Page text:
Belfast
Cardiff
Birmingham
Liverpool
London
Manchester
Glasgow
Atradius Country Report
United Kingdom – April 2014
Atradius 2
Overview
General information					 Most important sectors (% of GDP, 2012)
Capital:	 	 London	 		 Services:	 78....
Main economic developments
Economic growth will accelerate further in 2014
According to the Office of National Statistics ...
Atradius 4
Consumer confidence is improving
Last year, consumer confidence was boosted by the more optimistic economic out...
Atradius 5
	 Source: IHS Global Insight
As a result, household consumption is forecast to increase by 2.4% in 2014 and a f...
Manufacturing to rebound in 2014
In 2013 manufacturing production contracted by 0.6%. However, the second half of the year...
Government debt continues to rise
The 2008 credit crisis and the subsequent economic downturn pushed government debt up fr...
The insolvency environment
Insolvencies are expected to decrease again in 2014
The economic crisis years of 2008 and 2009 ...
Default risk for UK listed firms continued to decrease in 2013
Given the stronger than expected economic rebound, the mont...
Construction
UK construction began quietly in 2013 but, as the year progressed, there was a distinct improvement: first in...
UK industries performance forecast
April 2014
Atradius 11
Agriculture
Consumer
Durables
Metals
Automotive/
Transport
Elect...
Atradius Credit Insurance N.V
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Atradius Country Report - United Kingdom – April 2014

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Main economic developments
Economic growth will accelerate further in 2014
According to the Office of National Statistics (ONS), in the last quarter of 2013 the UK’s GDP increased 0.7% on the
previous quarter (see chart below) and 1.7% for the full year - well above expectations at the beginning of 2013.

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Atradius Country Report - United Kingdom – April 2014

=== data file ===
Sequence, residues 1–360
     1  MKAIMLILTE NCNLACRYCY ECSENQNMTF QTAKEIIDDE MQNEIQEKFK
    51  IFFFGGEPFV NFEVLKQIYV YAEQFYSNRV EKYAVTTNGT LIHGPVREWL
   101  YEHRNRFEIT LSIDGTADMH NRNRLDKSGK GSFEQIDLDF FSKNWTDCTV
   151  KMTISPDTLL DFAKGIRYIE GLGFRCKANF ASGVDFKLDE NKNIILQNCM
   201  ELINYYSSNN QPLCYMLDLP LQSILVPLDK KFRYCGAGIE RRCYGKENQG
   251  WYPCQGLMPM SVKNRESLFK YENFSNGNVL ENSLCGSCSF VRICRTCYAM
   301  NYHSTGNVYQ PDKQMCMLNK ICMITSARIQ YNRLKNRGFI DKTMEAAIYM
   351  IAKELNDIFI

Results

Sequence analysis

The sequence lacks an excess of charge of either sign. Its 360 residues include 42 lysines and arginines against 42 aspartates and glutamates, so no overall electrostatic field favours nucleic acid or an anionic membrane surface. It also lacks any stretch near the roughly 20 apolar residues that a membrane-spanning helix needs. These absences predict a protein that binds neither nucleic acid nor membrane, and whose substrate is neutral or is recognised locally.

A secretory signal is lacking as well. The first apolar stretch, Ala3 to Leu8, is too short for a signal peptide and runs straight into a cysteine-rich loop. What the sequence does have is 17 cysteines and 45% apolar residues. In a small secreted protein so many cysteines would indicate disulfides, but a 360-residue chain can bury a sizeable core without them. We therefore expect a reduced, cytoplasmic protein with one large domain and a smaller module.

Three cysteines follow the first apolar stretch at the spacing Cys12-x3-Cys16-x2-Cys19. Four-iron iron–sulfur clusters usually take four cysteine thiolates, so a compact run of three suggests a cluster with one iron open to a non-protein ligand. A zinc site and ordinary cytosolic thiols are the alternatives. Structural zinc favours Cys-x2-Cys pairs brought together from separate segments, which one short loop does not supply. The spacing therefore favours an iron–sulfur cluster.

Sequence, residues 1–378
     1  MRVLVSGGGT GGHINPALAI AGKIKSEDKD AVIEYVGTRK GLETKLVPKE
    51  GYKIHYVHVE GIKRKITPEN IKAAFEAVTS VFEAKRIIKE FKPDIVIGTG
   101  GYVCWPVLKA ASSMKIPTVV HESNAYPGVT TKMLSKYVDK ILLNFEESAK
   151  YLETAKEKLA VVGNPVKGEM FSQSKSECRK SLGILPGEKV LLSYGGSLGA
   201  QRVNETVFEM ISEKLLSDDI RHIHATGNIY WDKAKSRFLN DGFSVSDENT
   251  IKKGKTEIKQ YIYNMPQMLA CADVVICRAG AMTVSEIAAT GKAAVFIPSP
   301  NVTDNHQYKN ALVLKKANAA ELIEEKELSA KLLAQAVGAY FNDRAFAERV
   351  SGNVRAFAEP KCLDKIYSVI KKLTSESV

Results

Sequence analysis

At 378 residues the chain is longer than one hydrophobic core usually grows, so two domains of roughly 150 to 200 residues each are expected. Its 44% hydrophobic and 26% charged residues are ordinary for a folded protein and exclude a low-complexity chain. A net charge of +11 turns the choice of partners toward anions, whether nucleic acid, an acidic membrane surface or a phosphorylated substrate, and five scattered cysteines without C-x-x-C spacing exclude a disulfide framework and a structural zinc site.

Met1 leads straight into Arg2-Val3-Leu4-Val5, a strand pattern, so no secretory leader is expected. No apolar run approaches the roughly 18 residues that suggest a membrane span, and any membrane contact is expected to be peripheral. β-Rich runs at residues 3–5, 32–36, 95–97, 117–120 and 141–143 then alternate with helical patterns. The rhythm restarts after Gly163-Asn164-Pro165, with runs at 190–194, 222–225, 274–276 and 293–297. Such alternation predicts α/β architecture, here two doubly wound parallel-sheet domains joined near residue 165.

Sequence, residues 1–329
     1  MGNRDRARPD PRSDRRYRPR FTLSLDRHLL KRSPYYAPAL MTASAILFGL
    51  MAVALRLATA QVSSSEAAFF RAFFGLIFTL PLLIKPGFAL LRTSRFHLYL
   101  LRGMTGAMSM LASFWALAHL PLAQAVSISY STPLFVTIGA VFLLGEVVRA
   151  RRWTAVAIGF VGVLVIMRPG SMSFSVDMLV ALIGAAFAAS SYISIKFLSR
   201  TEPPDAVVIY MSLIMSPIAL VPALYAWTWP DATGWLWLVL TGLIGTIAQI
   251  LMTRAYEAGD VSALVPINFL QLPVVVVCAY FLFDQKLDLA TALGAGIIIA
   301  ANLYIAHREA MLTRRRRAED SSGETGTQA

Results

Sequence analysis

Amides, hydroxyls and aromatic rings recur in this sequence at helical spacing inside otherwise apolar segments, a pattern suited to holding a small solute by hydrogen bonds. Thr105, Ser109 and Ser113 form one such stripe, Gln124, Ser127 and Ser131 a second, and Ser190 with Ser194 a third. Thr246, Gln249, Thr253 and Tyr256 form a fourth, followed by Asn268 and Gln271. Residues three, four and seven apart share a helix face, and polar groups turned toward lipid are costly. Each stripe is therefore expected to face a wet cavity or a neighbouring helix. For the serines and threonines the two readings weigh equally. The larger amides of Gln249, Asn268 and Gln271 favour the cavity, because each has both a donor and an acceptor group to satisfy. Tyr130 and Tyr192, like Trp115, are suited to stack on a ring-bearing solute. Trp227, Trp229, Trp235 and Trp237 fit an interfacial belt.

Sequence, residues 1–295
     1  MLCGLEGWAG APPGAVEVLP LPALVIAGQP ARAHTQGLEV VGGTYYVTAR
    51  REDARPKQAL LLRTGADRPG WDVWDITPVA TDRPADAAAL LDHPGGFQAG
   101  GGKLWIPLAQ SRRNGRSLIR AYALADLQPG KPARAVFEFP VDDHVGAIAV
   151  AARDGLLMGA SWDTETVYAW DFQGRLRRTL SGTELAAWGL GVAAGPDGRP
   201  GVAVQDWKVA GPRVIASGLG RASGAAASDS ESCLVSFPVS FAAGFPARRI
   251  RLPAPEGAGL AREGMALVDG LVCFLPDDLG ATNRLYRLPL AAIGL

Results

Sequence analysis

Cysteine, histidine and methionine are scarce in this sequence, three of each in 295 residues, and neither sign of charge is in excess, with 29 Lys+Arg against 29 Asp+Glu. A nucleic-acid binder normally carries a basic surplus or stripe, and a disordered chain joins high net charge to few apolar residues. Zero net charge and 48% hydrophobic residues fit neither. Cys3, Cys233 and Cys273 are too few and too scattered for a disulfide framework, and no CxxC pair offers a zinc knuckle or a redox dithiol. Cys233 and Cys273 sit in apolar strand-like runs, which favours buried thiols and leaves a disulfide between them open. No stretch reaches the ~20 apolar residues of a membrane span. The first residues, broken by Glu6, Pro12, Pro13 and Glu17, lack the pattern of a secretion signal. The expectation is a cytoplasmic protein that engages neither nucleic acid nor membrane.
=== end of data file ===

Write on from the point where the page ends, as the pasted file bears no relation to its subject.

1. 1. Belfast Cardiff Birmingham Liverpool London Manchester Glasgow Atradius Country Report United Kingdom – April 2014
  2. 2. Atradius 2 Overview General information Most important sectors (% of GDP, 2012) Capital: London Services: 78.8% Government type: Constitutional monarchy Industry: 20.5% Currency: British pound (GBP) Agriculture: 0.7% Population: 63.4 million Main import sources (2012, % of total) Main export markets (2012, % of total) Germany: 12.6% Germany: 11.3% China: 8.0% USA: 10.5% The Netherlands: 7.5% The Netherlands: 8.8% USA: 6.7% France: 7.4% France: 5.4% Ireland: 6.2% Belgium: 4.4% Belgium: 5.1% Key Indicators ** 2011 2012 2013 2014* 2015* Real GDP growth (y-on-y, % change) 1.1 0.3 1.7 2.7 2.5 Consumer prices (y-on-y, % change) 4.5 2.8 2.6 2.0 2.2 Household consumption (y-on-y, % change) -0.5 1.5 2.4 2.4 2.3 Retail sales (y-on-y, % change) 0.5 -0.4 0.1 0.8 2.3 Manufacturing production (y-on-y, % change) 1.8 -1.7 -0.6 2.6 2.0 Unemployment rate (%) 8.1 7.9 7.6 6.8 6.5 Gross fixed investment (y-on-y, % change) -2.4 0.7 -0.5 7.3 6.5 Real net exports (EUR billion) -16.7 -28.2 -30.6 -34.4 -30.2 Fiscal balance (% of GDP) -7.7 -5.9 -5.6 -5.3 -4.2 Government debt (% of GDP) 71.2 75.4 76.8 79.3 80.8 * forecast Sources: Consensus Economics, IHS Global Insight